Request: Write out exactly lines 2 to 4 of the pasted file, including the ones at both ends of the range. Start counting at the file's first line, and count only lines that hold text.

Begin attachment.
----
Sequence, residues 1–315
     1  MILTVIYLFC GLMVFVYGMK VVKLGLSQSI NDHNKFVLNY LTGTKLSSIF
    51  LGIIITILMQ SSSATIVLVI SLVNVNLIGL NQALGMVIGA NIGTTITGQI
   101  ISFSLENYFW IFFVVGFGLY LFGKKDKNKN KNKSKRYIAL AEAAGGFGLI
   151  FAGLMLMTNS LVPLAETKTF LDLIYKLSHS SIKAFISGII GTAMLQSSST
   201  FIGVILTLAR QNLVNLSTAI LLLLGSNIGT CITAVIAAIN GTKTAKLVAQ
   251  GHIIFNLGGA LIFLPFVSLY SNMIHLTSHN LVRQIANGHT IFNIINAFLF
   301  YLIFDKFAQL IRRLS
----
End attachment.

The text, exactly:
     1  MILTVIYLFC GLMVFVYGMK VVKLGLSQSI NDHNKFVLNY LTGTKLSSIF
    51  LGIIITILMQ SSSATIVLVI SLVNVNLIGL NQALGMVIGA NIGTTITGQI
   101  ISFSLENYFW IFFVVGFGLY LFGKKDKNKN KNKSKRYIAL AEAAGGFGLI